Homegrown Alabama to host Melon Festival

Karly Weigel

Homegrown Alabama will host its first annual Melon Festival at Canterbury Episcopal Church Thursday. The event is open to the public.

Various types of watermelon, honeydew and cantaloupe will be for sale. Vendors will also have summer produce such as okra, tomatoes, eggplant, peas, goat cheese and naturally raised beef. Other items for sale include flowers, soap and herbs.

Letterpress posters printed by Kate K. Barber will be available for purchase, and new 2013 Homegrown Alabama T-shirts and reusable tote bags will also be for sale. Activities for children include melon bowling, rind toss and watermelon sun catchers. Melon samples will also be available.

Mo Fiorella, the Homegrown Alabama market manager, describes Homegrown Alabama as an important asset to the Tuscaloosa community.

“We like to think our first Thursday events remind people that farmers markets are fun and that they are happening,” Fiorella said. “They bring people together and encourage more people to shop for healthy, fresh, local food. They also stimulate sales, which is good for our local economy.”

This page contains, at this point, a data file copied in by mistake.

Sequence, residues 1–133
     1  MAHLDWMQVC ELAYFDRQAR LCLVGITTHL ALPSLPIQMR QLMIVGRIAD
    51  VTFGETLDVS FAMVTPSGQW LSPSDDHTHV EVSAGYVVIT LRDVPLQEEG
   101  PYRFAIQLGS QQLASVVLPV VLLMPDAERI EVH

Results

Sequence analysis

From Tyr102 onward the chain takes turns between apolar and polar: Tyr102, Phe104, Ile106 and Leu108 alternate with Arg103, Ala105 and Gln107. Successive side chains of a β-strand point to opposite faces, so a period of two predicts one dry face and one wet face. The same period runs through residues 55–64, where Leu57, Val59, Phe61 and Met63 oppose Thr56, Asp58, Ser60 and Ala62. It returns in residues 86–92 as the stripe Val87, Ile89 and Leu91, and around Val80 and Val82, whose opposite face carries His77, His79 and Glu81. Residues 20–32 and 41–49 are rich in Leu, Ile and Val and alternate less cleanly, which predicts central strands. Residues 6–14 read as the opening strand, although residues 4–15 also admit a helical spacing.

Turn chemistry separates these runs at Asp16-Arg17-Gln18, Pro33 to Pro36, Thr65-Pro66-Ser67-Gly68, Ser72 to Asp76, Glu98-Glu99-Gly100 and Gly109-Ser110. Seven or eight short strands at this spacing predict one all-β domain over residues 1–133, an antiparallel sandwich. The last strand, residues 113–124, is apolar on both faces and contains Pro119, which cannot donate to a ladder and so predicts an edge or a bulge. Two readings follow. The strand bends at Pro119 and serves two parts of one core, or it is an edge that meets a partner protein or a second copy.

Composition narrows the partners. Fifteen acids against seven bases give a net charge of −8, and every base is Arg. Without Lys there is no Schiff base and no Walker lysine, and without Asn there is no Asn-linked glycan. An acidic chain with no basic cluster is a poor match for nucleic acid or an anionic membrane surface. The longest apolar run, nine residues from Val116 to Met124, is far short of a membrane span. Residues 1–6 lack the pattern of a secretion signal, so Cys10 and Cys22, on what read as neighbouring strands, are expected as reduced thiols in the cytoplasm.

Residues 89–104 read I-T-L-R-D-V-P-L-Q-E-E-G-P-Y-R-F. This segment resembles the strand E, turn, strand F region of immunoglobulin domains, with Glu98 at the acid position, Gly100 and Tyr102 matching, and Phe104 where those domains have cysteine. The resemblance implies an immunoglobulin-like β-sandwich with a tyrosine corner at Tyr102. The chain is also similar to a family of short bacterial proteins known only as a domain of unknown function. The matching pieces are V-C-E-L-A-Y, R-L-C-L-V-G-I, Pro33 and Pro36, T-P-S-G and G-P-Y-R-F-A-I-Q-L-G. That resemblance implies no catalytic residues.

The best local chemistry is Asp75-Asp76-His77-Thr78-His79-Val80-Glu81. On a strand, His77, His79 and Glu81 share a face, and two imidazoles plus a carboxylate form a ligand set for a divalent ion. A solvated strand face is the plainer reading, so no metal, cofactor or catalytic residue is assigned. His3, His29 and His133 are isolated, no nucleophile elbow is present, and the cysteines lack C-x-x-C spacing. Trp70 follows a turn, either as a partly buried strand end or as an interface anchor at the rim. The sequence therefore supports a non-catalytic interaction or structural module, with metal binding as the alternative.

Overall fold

Homegrown Alabama will host the Back-to-School BBQ Tailgate Sept. 5. Visitors can enjoy barbeque and sample different side dishes. Live music, kids’ crafts and take-home recipes will be available. The tailgate hopes to remind visitors that the market will be around for two more months until fall break.

Andrew Kesterson, owner of Belle Meadow Farm, is a new farmer and vendor at Homegrown Alabama.

“Homegrown Alabama contributes to Tuscaloosa by giving all residents another option to buy local food that is healthy and delicious,” Kesterson. “Some people also may not be able to find time to make it to the other markets during the week and Homegrown offers a third day during the week that all Tuscaloosans can buy local produce. It also offers a convenient option for the University community to buy local produce and to support their local community.”

Kesterson grows watermelon, a single variety of cantaloupe, honeydew and a “french melon” type of cantaloupe.

Students and faculty are able to pay with Bama Cash as well as EBT payment. Homegrown Alabama is held on the lawn at Canterbury Episcopalian Church on Hackberry Lane between University Boulevard and Paul Bryant Drive.